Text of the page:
‘Wishtree’ by Katherine Applegate Does Not Disappoint

wishtree

“Wishtree” by Katherine Applegate is just what one might expect from a Newbery medal winning author. It’s thoughtful, it’s poignant, and it’s timely. This is a story that will get middle school readers talking and thinking — and that’s what good literature is supposed to do.

In this story, Red, the main character, is a 216-year-old oak tree. For many generations, he has been the “wishtree” that people in the neighborhood pin their wishes on. Come May 1st every year, his branches are covered in rags, notes, socks, and even a random pair of underwear, all bearing the wishes of those who placed them there. Some wishes are silly while others are profound.

In fact, the first wish placed on the tree, generations ago, was the wish from a lonely young woman from Ireland, Maeve, to have someone she could love with all her heart. The next day, an infant was left in the hollow of the tree and that baby became the love of Maeve’s life.

Over a hundred years later, Maeve’s descendant Francesca owns the two houses that share the stately oak tree. Francesca lives across the street and rents out the houses, one blue and one green. When Samar and her family move into the blue house, the neighbors aren’t happy. Someone carves the word “LEAVE” on Red’s trunk. 

Stephen, the boy Samar’s age who lives in the house next door doesn’t look at her or walk to school with her. Samar is lonely, and at night she visits with Red and sits under his branches. Little by little, all the animal families who live in Red’s branches come to trust her and sit with her. Bongo, the talkative crow who is Red’s best friend, also keeps her company. Finally, Samar offers her own wish. She wishes for a friend. And Red becomes determined to grant that wish.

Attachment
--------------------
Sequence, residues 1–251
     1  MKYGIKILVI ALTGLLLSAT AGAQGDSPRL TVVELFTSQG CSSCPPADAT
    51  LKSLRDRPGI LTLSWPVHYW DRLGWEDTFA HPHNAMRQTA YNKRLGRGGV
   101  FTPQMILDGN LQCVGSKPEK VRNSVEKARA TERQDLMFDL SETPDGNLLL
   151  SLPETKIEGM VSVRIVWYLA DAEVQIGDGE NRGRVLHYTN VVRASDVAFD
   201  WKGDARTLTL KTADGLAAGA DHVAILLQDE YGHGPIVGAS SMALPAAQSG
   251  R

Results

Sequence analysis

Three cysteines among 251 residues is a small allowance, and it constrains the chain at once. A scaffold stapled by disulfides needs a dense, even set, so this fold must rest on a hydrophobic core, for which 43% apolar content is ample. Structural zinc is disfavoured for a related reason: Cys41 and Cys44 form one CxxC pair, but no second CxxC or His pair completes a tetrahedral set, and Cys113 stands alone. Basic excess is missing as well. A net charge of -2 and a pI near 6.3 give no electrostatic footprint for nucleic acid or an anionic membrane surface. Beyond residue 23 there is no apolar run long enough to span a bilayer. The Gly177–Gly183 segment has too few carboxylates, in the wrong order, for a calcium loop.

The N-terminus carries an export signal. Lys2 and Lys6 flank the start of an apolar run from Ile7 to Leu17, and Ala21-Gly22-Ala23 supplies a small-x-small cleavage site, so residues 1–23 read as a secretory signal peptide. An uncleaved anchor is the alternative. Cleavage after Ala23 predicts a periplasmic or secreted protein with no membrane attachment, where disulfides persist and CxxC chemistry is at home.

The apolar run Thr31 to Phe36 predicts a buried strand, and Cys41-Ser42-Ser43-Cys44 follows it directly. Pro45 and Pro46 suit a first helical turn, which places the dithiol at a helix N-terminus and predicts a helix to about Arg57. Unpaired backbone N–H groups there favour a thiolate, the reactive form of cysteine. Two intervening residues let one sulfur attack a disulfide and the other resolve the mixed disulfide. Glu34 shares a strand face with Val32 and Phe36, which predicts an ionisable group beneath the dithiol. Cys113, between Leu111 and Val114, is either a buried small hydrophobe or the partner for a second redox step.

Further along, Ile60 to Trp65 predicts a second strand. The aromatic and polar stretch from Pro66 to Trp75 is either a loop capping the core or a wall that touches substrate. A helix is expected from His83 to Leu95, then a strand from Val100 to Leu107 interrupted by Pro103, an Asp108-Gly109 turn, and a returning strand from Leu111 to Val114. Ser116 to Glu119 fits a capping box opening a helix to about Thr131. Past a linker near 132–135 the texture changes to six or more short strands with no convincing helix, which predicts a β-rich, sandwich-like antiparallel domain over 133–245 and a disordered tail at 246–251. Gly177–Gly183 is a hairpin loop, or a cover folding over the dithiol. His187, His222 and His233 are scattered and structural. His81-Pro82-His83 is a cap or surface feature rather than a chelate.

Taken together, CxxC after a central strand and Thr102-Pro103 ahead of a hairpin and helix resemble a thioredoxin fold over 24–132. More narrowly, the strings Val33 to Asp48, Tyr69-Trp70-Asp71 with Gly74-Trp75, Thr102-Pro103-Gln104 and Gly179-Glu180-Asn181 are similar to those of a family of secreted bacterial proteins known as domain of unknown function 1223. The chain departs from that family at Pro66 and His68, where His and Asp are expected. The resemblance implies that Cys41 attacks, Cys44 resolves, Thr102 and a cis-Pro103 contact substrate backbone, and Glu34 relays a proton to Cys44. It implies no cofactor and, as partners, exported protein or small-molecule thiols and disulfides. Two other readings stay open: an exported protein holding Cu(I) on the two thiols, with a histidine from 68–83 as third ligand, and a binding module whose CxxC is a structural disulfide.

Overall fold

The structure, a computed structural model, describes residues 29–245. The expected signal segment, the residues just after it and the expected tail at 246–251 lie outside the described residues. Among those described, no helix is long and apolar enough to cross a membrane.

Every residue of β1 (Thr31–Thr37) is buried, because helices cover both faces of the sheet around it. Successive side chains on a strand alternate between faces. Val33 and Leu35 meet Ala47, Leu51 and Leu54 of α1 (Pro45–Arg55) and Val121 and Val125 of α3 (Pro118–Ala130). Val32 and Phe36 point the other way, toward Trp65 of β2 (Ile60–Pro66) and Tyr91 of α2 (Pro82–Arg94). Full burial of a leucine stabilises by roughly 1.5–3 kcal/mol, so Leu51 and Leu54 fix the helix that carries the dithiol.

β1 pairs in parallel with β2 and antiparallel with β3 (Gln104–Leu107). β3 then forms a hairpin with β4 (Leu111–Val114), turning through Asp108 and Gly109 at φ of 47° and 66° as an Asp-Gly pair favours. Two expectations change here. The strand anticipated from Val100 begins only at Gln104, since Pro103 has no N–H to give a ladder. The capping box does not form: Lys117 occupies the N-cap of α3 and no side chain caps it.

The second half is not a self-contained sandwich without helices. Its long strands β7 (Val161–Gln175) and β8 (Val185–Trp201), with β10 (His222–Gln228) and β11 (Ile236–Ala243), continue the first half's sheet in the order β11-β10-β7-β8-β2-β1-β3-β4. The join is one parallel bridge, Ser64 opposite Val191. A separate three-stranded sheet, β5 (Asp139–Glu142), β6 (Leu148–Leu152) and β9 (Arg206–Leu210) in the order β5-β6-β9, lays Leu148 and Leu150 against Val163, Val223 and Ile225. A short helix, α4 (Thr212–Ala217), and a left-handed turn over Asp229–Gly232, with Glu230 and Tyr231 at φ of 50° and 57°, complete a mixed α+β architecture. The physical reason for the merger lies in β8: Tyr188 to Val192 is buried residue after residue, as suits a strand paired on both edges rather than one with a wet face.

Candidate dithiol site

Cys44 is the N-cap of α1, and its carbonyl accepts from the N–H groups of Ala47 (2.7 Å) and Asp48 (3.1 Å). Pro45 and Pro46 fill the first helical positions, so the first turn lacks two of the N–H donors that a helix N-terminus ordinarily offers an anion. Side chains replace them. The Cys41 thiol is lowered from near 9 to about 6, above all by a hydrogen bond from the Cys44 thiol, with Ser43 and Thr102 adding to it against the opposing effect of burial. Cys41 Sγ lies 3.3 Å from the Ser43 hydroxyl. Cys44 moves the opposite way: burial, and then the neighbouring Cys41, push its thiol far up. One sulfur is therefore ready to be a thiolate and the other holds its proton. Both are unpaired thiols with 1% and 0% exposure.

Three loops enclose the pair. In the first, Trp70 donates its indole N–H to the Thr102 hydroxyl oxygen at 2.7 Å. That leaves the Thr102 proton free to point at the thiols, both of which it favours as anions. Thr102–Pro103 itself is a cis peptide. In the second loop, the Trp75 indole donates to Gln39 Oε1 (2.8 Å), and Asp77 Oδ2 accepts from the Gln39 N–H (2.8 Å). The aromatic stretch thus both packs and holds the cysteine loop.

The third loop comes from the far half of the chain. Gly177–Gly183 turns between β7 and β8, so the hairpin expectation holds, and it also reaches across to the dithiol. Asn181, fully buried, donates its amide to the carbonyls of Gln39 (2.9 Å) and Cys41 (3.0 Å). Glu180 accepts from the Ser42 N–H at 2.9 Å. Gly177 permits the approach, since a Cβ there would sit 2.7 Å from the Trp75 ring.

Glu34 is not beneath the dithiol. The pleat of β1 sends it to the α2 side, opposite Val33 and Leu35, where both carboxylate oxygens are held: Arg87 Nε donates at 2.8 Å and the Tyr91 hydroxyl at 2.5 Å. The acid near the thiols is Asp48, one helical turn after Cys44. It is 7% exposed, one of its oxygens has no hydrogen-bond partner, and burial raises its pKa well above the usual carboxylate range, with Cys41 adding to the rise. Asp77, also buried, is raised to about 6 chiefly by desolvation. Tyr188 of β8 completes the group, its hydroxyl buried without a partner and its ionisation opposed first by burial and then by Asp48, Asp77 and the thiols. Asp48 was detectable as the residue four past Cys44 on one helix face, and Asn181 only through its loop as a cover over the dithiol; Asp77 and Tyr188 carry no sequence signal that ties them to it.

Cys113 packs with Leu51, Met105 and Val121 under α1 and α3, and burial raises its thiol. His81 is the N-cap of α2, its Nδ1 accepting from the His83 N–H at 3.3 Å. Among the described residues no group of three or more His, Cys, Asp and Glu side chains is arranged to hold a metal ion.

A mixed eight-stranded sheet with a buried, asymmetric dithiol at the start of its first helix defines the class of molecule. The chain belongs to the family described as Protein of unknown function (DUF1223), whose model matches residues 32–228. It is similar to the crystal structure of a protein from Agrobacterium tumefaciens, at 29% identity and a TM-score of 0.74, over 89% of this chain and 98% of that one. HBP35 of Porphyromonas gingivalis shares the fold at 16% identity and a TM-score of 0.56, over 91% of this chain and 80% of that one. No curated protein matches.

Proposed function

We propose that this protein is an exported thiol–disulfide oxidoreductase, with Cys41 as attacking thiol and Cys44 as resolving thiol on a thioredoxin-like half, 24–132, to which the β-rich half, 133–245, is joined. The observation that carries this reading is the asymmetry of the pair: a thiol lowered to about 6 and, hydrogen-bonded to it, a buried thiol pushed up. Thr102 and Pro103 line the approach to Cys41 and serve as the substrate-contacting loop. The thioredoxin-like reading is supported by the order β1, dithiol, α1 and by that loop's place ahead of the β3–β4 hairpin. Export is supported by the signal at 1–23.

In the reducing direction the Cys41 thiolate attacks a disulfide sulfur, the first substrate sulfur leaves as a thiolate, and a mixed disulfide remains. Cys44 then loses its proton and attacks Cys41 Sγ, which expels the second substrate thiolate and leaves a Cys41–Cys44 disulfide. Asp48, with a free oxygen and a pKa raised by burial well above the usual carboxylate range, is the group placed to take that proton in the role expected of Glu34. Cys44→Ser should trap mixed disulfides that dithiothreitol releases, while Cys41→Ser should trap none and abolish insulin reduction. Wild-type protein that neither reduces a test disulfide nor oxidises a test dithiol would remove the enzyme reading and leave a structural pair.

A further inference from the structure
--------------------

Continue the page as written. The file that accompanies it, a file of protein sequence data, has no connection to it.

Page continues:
How does a tree grant a wish? With lots of help from his friends and a bit of luck. The pace of the story picks up after Samar makes her wish, and that’s when things get tricky. Applegate brings out her powerful poetic language when describing the events leading up to the wish and the desecration of the tree.

She describes how the neighborhood was a welcoming place for a huge diversity of people. “They spoke Chinese and Spanish, Yoruba and English and French Creole. They ate tamales and pani puri, dim sum and fufu and grilled cheese sandwiches.”

Different cultures were all colorful parts of the neighborhood, making it “wild and tangled and colorful. Like the best kind of garden.” But something about Samar’s family broke this welcoming spirit. When they moved in, things were different. The neighbors didn’t welcome them, someone threw raw eggs at their house, some shouted “Muslims, get out!”

“Our neighborhood had welcomed many families from faraway. What was different this time? The headscarf Samar’s mother wore? Or was it something else?”

When a 216-year-old tree sets out to make a wish come true, friends help. And Red’s friends do help. Will Red be able to grant Samar’s wish and get her a friend? Will Red be able to save his own life when Francesca is tired of his roots causing plumbing problems?

The story is not just about prejudice; it’s also about life and death, friendship, and nature, and, of course, there’s a bit of magic thrown in. This book is really a perfect read aloud. The reader, be it teacher, parent or other person should take the time to talk about the book as it’s read and discuss the parts that one might see in real life and the parts that are pure fantasy. It’s a teacher’s dream in terms of looking for the author’s message — there are many possibilities, and few of them would be incorrect.

Thank you, Katherine Applegate, for another lovely and touching story.

Please note: This review is based on the final, hardcover book provided by Feiwel and Friends, the publisher, for review purposes.

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